At last weekend’s Invitational, the new Standard format began to take shape. Like Gozer the Gozarian asking the Ghostbusters to “choose the form of the destructor,” in Standard, the players have spoken and requested they be destroyed by Collected Company and white cards for the next 3 months or so.
Collected Company is not particularly surprising when the best deck last season (4-Color Rally) was oppressively good and played CoCo. Company is the best card in Standard. The card facilitates one of the best strategies in Modern and is just as potent in Standard. I would have predicted that Collected Company would be one of the best decks post-rotation without even seeing a single card from Shadows Over Innistrad on the reputation of Company alone!
The rise of the white cards, on the other hand, was completely context driven and based on 2 significant factors:
- The best cards in Shadows Over Innistrad are white cards.
- The best 3-color spells and great fixing went away with the rotation.
Standard has become a format where most of the decks are going to be limited to 2 colors and white appears to be the deepest color. So if you can pick only two, chances are that a lot of people are going to play with white cards.
Both of these cards have shot up to the very tippy top of my short list of “the best cards in Standard” and are right alongside Collected Company. In fact, even if you are playing Collected Company in Standard, chances are that these 2 cards are in your 75 somewhere, despite the fact that they have no direct synergy with Collected Company, which says a lot.
I was very fortunate to have a fantastic list for the Standard portion of the Invitational this time around. I played the same Big White deck that James Wagner used to make Top 8 of the event. I went 4-0 in the Standard portion of the event before the wheels fell off and I managed to not win a single game of Modern playing Infect (bad matchups, lost every die roll, mulliganed a ton—it happens, and I move on).
The Standard deck was an absolute delight. It was designed by Andrew Tenjum, Kent Ketter, and Chris Anderson—3 of the best, brightest, and hardest working pros in the game right now. They always have great decks and consistently put up noteworthy finishes in every event they play, and I was very excited to get a chance to play a deck they worked on.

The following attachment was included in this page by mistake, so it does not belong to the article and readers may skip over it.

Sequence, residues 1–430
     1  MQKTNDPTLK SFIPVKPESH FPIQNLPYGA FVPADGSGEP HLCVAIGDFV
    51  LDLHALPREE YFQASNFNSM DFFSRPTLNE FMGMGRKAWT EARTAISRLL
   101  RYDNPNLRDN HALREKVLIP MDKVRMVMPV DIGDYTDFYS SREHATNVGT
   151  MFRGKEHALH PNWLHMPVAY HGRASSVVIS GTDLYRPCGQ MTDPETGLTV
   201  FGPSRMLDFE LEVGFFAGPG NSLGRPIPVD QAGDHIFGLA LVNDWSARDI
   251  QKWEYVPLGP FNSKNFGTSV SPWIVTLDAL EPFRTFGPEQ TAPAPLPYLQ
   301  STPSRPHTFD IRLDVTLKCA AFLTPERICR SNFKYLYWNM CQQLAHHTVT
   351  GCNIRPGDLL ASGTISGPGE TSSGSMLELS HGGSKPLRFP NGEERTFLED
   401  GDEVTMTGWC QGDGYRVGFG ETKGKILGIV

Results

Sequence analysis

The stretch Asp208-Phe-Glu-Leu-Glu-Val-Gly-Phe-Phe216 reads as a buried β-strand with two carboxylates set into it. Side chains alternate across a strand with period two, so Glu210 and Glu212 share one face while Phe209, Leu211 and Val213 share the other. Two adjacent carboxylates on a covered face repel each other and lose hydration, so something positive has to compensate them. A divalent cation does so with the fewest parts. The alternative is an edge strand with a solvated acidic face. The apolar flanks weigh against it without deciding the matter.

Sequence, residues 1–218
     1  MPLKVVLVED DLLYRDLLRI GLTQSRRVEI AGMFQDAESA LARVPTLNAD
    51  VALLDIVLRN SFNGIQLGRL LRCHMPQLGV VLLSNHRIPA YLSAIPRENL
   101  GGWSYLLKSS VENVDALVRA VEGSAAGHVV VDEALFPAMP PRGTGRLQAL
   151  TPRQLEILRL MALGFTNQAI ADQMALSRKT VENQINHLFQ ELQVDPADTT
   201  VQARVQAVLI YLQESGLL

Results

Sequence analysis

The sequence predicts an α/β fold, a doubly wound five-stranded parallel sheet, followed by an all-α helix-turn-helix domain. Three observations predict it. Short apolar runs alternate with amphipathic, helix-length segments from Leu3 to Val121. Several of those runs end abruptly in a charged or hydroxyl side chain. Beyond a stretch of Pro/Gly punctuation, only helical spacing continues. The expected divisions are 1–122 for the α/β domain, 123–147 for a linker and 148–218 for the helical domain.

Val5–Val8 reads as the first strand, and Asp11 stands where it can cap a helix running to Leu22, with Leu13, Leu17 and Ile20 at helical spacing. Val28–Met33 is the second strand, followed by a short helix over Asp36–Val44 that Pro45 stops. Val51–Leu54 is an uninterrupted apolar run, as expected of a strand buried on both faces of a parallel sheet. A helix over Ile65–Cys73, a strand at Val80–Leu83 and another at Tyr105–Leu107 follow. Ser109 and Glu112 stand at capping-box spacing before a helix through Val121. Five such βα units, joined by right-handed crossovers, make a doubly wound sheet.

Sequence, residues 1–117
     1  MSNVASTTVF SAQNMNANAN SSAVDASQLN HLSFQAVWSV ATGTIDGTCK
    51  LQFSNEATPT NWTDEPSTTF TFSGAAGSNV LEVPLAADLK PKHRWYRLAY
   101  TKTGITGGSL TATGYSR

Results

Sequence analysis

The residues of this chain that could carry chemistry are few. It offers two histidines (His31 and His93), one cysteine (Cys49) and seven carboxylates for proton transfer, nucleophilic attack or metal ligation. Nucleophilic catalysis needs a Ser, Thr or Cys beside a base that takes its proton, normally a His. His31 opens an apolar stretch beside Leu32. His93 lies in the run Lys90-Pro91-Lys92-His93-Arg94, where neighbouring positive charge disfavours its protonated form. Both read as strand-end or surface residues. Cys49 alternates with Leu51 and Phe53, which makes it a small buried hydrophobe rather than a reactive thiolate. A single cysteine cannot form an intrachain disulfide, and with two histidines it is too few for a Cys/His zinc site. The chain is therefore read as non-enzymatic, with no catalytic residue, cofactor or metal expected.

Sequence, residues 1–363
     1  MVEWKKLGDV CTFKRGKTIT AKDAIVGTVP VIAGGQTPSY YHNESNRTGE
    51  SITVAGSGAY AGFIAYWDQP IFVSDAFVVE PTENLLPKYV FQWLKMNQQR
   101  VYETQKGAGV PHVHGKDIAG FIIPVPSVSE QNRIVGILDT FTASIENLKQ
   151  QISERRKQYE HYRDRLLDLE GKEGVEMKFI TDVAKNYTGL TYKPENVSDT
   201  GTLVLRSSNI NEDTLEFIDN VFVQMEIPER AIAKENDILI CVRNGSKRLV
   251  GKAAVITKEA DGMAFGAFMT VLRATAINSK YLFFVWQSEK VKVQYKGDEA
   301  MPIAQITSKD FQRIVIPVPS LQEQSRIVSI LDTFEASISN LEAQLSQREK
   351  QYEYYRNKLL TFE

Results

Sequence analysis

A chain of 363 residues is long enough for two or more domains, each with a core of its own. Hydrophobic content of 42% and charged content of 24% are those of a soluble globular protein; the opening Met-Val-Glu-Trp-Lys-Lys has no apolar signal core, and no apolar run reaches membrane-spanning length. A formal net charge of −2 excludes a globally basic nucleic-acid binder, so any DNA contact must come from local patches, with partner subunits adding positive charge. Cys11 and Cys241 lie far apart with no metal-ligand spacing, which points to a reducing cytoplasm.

The deck is a collection of all the best white removal spells and all the most powerful white cards in the format—and it lines up well against a lot of what people are doing in Standard. The white removal is fantastic and the white threats are over the top.
The other card that really shines in this deck is Eldrazi Displacer.
The addition of this card pushes the deck over the top in the late game and gives you a lot of play when the game comes to a stall. The ability to “blink” out Thraben Inspector to generate a never-ending stream of Clue tokens or Avacyn to continue to protect your team is big.
I never would have thought this card would be so amazing, but it is. When you play the card on the first turn off a Plains and suddenly have 3 permanents in play, it feels like playing Affinity.
The card is powerful and is seeing a lot of play already but it shines in this deck. It also gives you a 1-2 punch of things to do on the first 2 turns when you are waiting for your Knight of the White Orchid to come online.
The deck is so elegant in design and concept that it is kind of surprising that more people didn’t figure it out: if white is the best color in Standard and is deep on great removal and threats, play all the best white removal alongside all the best white threats!
The sideboard is also pretty sweet because it allows you to easily morph into an Eldrazi-themed deck when you need to become the beatdown. You essentially have a transformational Eldrazi sideboard with Thought-Knot Seers and Smashers! I played against far more controlling decks than aggressive decks and I used my Eldrazi cards a lot.
One thing I did notice was a lot of tension between Archangel of Tithes and the mana. The card was great but I felt like its stock was in decline between Friday and Saturday. People were better prepared to deal with it and less susceptible to losing to it.
Speaking of the dwindling stock of Archangel of the Tithes and how impressed I was with my Eldrazi sideboard:
Big White Eldrazi
The Eldrazi-in-the-main-deck version is more grindy and would be better against more controlling strategies. I’m also thinking that with Collected Company being the deck to beat that Hallowed Moonlight out of the sideboard is probably a must from now on.
I enjoyed playing the deck a great deal and would again like to thank Andrew, Kent, and Chris for sharing it with me. There is something pretty baller about sleeving up 15 basic Plains and going into battle with it. 25% of the cards in the deck are Plains.
I am also intrigued by the Eldrazi angle. It is possible that the BW Eldrazi decks are simply a better version because they give you more card options to explore, but there is something to be said for playing with all lands that enter the battlefield untapped and having more consistent mana to cast your spells.
So I guess the only question left to ask is what form of the destructor will you choose? Will it be Collected Company or the Stay Puft Marshmallow Man? Either way, the format has some pretty exciting new decks to offer and I’m looking forward to seeing where it all leads. Anybody got a Clue?
I’m look forward to continuing to investigate Standard.